For Solo Soprano, Chorus and Orchestra

Even in an oeuvre as dominated by choral music as Paul Patterson’s, the Millennium Mass occupies a unique position. Commissioned jointly by Southwell Minster and the Orchestra of St. John’s, Smith Square, this work catches Patterson in an unusually contemplative frame of mind as the human race prepares to straddle two millennia. Of course, the ebulliently celebratory Patterson is present, too, especially in the Gloria and the Sanctus, but by and large, the tone of voice is quieter and calmer, which comes in marked contrast to more vigorously festive recent works such as the Magnificat (1993) and the Gloria written in 1998 for the Saddleworth Festival

The opening Kyrie seems set in quietly suspended animation as the chorus quietly, gently sounds its entreaties. The note G is sounded throughout the movement, like a sonic scarlet thread, as the rest of the music weaves its way above, under and around it. The temperature rises but once, to a sonorous but short-lived climax. Otherwise, this state of quiet suspension persists to the end. The Gloria vigorously breaks in, with the forcefully dancing rhythms that are a hallmark of Patterson in a celebratory mood. A quieter middle section acts as a temporary oasis of respite before the music vigorously pushes to its affirmative end. After this display of high spirits, the Credo introduces a more meditative note to the proceedings, starting as a quiet, leisurely dialogue between the solo soprano and the chorus as the life of Christ is recounted. The pace eventually quickens and the textures grow airier, before the atmosphere darkens at crucifixus etiam pro nobis. After a subdued start, et resurrexit builds to an imposing climax as the music describes Christ sitting to his Father’s right side. Upon its cessation, the opening returns in all its tranquillity. A new theme appears at the end, on the words et exspecto resurrectioniem mortuorum; a theme which will reappear in the Benedictus. A quiet, formal Amen brings the movement to a close. The Sanctus bursts in, all blazing C major and Handelian grandeur, and it maintains its ceremonial splendour to its closing bars. The ensuing Benedictus returns to the gentler, more entreating world of the Credo, indeed returning to the movement’s closing theme, before it, too, powers its way to a brilliant C major ending.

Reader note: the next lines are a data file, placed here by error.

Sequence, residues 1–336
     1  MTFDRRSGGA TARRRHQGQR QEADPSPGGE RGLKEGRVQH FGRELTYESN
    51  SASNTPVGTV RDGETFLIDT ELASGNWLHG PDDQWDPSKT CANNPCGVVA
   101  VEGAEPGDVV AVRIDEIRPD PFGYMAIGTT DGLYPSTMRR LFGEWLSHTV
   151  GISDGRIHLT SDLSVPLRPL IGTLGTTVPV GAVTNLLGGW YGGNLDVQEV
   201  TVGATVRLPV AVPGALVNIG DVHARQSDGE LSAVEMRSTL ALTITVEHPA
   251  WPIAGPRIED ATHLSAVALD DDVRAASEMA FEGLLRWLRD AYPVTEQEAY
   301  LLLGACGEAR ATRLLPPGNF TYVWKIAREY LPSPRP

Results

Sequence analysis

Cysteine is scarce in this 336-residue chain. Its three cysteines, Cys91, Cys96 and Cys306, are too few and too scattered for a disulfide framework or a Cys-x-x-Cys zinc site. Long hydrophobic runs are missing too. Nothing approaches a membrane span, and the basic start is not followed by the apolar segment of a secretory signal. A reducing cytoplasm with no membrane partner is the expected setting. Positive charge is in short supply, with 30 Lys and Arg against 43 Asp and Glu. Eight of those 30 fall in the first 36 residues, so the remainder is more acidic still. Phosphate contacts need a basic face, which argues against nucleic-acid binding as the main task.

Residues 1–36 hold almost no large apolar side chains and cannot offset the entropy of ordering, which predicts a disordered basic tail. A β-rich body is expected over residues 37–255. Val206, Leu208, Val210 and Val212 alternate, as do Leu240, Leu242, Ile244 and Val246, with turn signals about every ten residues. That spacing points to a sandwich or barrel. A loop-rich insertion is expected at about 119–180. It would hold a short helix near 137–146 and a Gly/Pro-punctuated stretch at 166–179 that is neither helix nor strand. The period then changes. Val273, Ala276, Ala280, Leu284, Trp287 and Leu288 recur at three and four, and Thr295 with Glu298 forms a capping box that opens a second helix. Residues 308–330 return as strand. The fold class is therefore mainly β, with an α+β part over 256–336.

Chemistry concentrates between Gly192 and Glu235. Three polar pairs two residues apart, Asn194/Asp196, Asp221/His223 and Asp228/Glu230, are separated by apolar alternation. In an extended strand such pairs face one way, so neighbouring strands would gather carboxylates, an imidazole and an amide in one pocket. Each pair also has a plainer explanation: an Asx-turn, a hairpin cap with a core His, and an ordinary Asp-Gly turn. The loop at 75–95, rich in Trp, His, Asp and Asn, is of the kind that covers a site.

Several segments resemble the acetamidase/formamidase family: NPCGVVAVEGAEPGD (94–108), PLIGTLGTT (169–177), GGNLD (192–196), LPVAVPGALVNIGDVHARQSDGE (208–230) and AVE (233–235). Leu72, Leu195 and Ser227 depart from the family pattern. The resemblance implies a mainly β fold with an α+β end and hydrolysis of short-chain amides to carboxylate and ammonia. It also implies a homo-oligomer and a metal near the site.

With the Agnus Dei, there is a sense of things coming full circle, as the movement’s thematic material harks back to the Kyrie, and its concluding section, over a pedal F, reinforces the two movements’ kinship. But the atmosphere has changed. Whereas the Kyrie was all hushed expectancy, here only beatific peace reigns, as the quiet choral implorations of Dona nobis pacem bring the Mass to its end, the music gazing heavenwards.

Two versions of the Mass have been devised: one with orchestra, the other with organ only. [The orchestral version calls for modest forces: 2 oboes, bassoon, 2 trumpets, timpani, organ and strings] In addition to the chorus, a solo soprano (alternatively a treble) plays a substantial role in the Credo as well as bringing the Mass to an end in the Agnus Dei’s closing bars.

Programme note by Paul Pellay

 Video:

Sanctus

Hanover Choir of London / David Pipe, organ / Huw Morgan, director

 

Details

Written 1999

Chorus and Orchestra
Soprano/SATB/0.2.0.1/0.2.0.0/Timp/Org/Strings (or SATB-Organ)
Length 40

Commission: The Orchestra of St John’s Smith Square and Southwell Minster Choir
Dedication: ‘To John Schofield’
Publisher: Josef Weinberger

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